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The definitive behind-the-scenes history of one of Hollywood’s most closely guarded cinematic secrets finally revealed—painted backdrops and the scenic artists who brought them to the big screen.
In almost every feature film of Hollywood’s golden age, from The Wizard of Oz to North by Northwest to Cleopatra to The Sound of Music, painted backings have convinced moviegoers that what they are seeing—whether the fantastic roads of Oz, the presidents of Mount Rushmore, or ancient Egyptian kingdoms—is absolutely real. These backings are at once intended to transport the audience and yet remain unseen for what they really are. The Art of the Hollywood Backdrop reveals the hidden world and creators of these masterpieces, long-guarded as a special effects secret by the major studios such as MGM, Warner Brothers, Universal, Columbia, 20th Century Fox, and Paramount.
Despite the continued use of hand-painted backings in today’s films, including the big-budget Interstellar and Lemony Snicket’s A Series of Unfortunate Events among many others, digital technology is beginning to supplant the art form. In an effort to preserve the irreplaceable knowledge of scenic masters, Karen Maness and Richard Isackes, in collaboration with the Art Directors Guild, have compiled a definitive history of the craft, complete with interviews of the surviving artists. This is a rich undiscovered history—a history replete with competing art departments, dynastic scenic families, and origins stretching back to the films of Méliès, Edison, Sennett, Chaplin, and Fairbanks.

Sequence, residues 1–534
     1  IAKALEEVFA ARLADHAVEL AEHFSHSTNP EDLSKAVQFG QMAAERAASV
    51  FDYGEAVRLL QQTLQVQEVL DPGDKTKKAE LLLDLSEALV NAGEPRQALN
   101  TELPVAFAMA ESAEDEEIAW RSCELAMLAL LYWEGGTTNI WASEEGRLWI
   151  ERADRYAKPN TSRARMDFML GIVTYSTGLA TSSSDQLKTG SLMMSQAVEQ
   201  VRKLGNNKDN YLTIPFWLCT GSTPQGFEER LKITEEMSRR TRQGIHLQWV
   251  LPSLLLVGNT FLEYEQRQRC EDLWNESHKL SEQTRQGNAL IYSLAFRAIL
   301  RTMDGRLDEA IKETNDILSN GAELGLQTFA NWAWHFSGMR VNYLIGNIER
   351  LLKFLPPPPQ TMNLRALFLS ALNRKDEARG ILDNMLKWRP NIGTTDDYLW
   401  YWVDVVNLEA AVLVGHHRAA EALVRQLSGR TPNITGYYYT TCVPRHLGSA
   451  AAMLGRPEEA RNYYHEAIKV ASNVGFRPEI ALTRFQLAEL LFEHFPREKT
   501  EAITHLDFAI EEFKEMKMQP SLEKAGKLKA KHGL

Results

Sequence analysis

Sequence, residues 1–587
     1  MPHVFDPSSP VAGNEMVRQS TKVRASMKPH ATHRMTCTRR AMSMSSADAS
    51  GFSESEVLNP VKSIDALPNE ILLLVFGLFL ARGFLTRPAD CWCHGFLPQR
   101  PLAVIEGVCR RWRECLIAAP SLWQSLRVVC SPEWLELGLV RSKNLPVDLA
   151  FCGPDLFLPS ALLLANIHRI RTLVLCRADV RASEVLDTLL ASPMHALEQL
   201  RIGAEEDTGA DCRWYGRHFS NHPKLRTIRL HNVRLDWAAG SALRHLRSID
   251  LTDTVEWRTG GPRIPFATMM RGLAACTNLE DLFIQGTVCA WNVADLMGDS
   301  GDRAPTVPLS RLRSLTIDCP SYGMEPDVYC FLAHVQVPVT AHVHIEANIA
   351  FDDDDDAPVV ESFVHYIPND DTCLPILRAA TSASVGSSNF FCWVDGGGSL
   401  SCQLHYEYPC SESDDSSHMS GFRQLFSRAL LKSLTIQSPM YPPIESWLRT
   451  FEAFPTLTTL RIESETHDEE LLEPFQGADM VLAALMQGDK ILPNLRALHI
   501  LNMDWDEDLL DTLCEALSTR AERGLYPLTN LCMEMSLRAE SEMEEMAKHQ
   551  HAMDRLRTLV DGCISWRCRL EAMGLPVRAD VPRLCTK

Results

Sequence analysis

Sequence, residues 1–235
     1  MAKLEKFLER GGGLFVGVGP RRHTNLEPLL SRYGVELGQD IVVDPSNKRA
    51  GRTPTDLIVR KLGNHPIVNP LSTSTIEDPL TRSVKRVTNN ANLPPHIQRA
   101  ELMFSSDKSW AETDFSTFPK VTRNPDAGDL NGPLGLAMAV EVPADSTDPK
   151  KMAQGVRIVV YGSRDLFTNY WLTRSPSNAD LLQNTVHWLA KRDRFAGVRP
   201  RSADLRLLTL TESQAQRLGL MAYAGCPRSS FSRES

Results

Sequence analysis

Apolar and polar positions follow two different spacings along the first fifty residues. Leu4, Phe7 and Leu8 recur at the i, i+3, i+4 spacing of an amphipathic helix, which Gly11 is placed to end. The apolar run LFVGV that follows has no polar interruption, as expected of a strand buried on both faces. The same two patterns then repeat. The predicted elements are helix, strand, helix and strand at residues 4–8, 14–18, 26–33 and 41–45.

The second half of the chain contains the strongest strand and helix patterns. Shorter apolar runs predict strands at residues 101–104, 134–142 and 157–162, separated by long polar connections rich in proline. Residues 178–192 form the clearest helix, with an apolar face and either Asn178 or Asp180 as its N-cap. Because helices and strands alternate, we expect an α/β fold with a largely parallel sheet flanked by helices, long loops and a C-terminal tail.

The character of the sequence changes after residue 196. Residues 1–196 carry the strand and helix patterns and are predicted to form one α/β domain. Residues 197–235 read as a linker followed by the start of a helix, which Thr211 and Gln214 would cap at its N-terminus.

Filled cover to cover with over 300 images,The Art of the Hollywood Backdrop is beautifully packaged as a hardcover book with slipcase.
|Product dimensions:||11.50(w) x 14.70(h) x 1.80(d)|
About the Author
Karen Maness is the principal instructor of scenic art and figurative painting for the Department of Theatre and Dance at the University of Texas at Austin, and Scenic Art Supervisor at Texas Performing Arts. Maness studied studio art and set design at Whittier College in Los Angeles, California and continued her studies at Cobalt Studios in White Lake, New York, and The Florence Academy of Art in Italy. Her career as a scenic artist and practicing studio artist spans more than twenty-five years, with works held in private collections worldwide.
Richard Isackes is currently a professor of theater at the University of Texas at Austin. Isackes has designed extensively in both regional theater and opera and has twice been the recipient of the Boston Circle Critics award for best scene design. Formerly a member of the faculties of Bucknell University, Boston University and the University of Illinois, he currently holds the Joanne Sharpe Crosby Chair in Design and Technology at the University of Texas where he served as Chair of the Department of Theatre and Dance from 1998 to 2006.